What is it? Overview Usage Side Effects and Warnings

Beta-Glucan Usage

Written by FoundHealth.

Therapeutic Uses

A substantial, if not entirely consistent, body of evidence indicates that beta-glucan, or foods containing it (especially oats), can modestly improve cholesterol profile . 1 The most reliable benefits have been seen regarding levels of total cholesterol and LDL (“bad”) cholesterol. Modest improvements of up to 10% have been seen in studies. Possible improvements in HDL (“good”) cholesterol have only been seen inconsistently. It is thought that beta-glucan reduces cholesterol levels by increasing excretion of cholesterol from the digestive tract. This affects two forms of cholesterol: cholesterol from food, and, more importantly, cholesterol from the blood “recycled” by the liver through the intestines. However, virtually all studies involved oats and were conducted by manufacturers of oat products; independent confirmation remains minimal. 2 Beta-glucan may also modestly improve blood pressure levels , 3 though not all studies agree. 4 In addition, beta-glucan may help limit the rise in blood sugar that occurs after a meal. This could, in theory, offer heart-healthy benefits, especially in people with diabetes. 5 6 7 8 The other primary proposed use of beta-glucan products involves effects on the immune system. Test-tube , animal , and a few controlled studies in humans suggest that beta-glucans can alter various measurements of immune function. In the alternative medicine literature, these effects are commonly summarized as indicating that beta-glucan is an “immune stimulant.” This description, however, is an oversimplification. The immune system is extraordinarily complicated and, as yet, incompletely understood. At the current level of scientific understanding it is not possible to characterize the effects of beta-glucan more specifically than to say that it has “immunomodulatory” actions, or that it is a “biological response modifier.” These intentionally unsensational terms indicate that we merely know beta-glucan affects (modulates) immune function, not that it improves immune function.

Some of the immune-related effects seen in studies include alterations in the activity of certain white blood cells and changes in the levels or actions of substances, called cytokines, that modulate immune function.

Based on these largely theoretical findings, as well a small number of very preliminary human trials, 9 10 various beta-glucan products have been advocated for the treatment of conditions as diverse as allergic rhinitis , cancer , infections, and sepsis (overwhelming infection following major trauma, illness, or surgery). However, the evidence for actual clinical benefit remains highly preliminary.

One study failed to find that beta-1,3-glucan (in topical gel form) helpful for treatment of actinic keratosis, a form of sun-induced precancerous changes seen in aging skin . 11 Another study found that it had no significant effect on periodontal disease (gingivitis), an inflammation of the gums caused by bacteria found in dental plaques. 12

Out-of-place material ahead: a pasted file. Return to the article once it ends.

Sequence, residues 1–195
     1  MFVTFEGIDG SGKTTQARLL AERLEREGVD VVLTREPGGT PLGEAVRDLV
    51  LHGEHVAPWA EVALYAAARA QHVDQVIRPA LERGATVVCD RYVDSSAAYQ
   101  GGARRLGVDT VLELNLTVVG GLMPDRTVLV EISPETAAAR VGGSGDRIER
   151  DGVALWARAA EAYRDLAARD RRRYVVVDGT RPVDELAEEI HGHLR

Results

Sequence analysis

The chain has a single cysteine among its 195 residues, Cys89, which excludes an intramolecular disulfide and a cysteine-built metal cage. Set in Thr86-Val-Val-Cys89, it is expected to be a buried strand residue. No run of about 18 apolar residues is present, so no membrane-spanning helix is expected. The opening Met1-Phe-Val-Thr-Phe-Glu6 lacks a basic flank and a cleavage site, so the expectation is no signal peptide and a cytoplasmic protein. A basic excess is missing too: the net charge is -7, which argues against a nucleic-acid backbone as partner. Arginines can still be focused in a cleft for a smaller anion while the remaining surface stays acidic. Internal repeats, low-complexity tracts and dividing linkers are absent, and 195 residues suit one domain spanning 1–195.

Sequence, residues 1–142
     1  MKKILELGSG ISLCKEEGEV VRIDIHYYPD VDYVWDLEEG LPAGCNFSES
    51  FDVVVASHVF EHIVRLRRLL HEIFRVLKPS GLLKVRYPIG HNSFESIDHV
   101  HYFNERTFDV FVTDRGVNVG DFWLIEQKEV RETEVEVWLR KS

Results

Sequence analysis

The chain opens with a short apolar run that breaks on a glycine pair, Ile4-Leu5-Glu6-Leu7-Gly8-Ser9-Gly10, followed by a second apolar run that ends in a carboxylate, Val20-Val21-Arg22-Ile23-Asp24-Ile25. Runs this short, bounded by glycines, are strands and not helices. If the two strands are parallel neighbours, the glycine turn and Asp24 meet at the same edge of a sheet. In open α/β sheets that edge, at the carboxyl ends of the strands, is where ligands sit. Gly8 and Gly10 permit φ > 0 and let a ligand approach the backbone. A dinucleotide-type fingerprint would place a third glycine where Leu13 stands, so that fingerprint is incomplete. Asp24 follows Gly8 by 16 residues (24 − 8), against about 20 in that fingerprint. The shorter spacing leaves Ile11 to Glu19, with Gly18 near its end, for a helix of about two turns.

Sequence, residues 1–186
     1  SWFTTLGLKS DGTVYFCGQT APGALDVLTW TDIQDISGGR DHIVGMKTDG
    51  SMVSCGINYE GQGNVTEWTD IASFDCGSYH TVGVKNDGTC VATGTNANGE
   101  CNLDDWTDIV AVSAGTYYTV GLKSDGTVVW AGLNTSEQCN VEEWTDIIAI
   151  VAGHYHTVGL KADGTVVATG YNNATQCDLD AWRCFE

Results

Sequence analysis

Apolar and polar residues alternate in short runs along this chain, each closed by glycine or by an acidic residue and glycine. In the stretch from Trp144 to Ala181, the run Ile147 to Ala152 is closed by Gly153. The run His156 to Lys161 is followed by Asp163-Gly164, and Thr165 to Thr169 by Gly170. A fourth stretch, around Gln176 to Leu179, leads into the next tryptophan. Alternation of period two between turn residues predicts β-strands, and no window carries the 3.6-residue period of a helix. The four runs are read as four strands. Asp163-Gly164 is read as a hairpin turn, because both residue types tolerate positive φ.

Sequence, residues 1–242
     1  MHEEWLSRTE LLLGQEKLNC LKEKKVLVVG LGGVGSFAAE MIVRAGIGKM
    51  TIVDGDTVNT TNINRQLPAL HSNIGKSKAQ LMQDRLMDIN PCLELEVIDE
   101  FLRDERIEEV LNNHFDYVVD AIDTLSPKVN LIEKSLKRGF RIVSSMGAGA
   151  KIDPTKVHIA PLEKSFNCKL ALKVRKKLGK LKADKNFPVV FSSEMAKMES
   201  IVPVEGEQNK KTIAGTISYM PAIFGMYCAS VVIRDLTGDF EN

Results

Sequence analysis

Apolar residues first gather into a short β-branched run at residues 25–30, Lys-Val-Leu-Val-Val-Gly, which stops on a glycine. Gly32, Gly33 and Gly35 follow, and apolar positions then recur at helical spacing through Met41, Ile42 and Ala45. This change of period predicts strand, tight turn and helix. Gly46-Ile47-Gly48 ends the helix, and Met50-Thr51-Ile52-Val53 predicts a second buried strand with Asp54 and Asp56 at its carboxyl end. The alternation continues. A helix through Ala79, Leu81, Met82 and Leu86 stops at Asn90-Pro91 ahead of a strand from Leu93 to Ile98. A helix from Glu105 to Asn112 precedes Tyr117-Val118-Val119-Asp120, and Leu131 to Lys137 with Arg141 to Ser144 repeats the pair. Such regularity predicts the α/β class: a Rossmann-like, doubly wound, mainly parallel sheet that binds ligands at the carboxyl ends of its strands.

1. Behall KM, Scholfield DJ, Hallfrisch J. Effect of beta-glucan level in oat fiber extracts on blood lipids in men and women. J Am Coll Nutr. 16(1):46-51.
  2. Kelly SA, Summerbell CD, Brynes A, Whittaker V, Frost G. Wholegrain cereals for coronary heart disease. Cochrane Database Syst Rev. (2):CD005051.
  3. Keenan JM, Pins JJ, Frazel C, Moran A, Turnquist L. Oat ingestion reduces systolic and diastolic blood pressure in patients with mild or borderline hypertension: a pilot trial. J Fam Pract. 51(4):369.
  4. Davy BM, Melby CL, Beske SD, Ho RC, Davrath LR, Davy KP. Oat consumption does not affect resting casual and ambulatory 24-h arterial blood pressure in men with high-normal blood pressure to stage I hypertension. J Nutr. 132(3):394-8.
  5. Braaten JT, Scott FW, Wood PJ, Riedel KD, Wolynetz MS, Brulé D, Collins MW. High beta-glucan oat bran and oat gum reduce postprandial blood glucose and insulin in subjects with and without type 2 diabetes. Diabet Med. 11(3):312-8.
  6. Bourdon I, Yokoyama W, Davis P, Hudson C, Backus R, Richter D, Knuckles B, Schneeman BO. Postprandial lipid, glucose, insulin, and cholecystokinin responses in men fed barley pasta enriched with beta-glucan. Am J Clin Nutr. 69(1):55-63.
  7. Jenkins AL, Jenkins DJ, Zdravkovic U, Würsch P, Vuksan V. Depression of the glycemic index by high levels of beta-glucan fiber in two functional foods tested in type 2 diabetes. Eur J Clin Nutr. 56(7):622-8.
  8. Pick ME, Hawrysh ZJ, Gee MI, Toth E, Garg ML, Hardin RT. Oat bran concentrate bread products improve long-term control of diabetes: a pilot study. J Am Diet Assoc. 96(12):1254-61.
  9. de Felippe Júnior J, da Rocha e Silva Júnior M, Maciel FM, Soares Ade M, Mendes NF. Infection prevention in patients with severe multiple trauma with the immunomodulator beta 1-3 polyglucose (glucan). Surg Gynecol Obstet. 177(4):383-8.
  10. Nakano H, Namatame K, Nemoto H, Motohashi H, Nishiyama K, Kumada K. A multi-institutional prospective study of lentinan in advanced gastric cancer patients with unresectable and recurrent diseases: effect on prolongation of survival and improvement of quality of life. Kanagawa Lentinan Research Group. Hepatogastroenterology. 46(28):2662-8.
  11. Tong DW, Barnetson RS. Beta-1,3-D-glucan gel in the treatment of solar keratoses. Australas J Dermatol. 37(3):137-8.
  12. Preus HR, Aass AM, Hansen BF, Moe B, Gjermo P. A randomized, single-blind, parallel-group clinical study to evaluate the effect of soluble beta-1,3/1,6-glucan on experimental gingivitis in man. J Clin Periodontol. 35(3):236-41.


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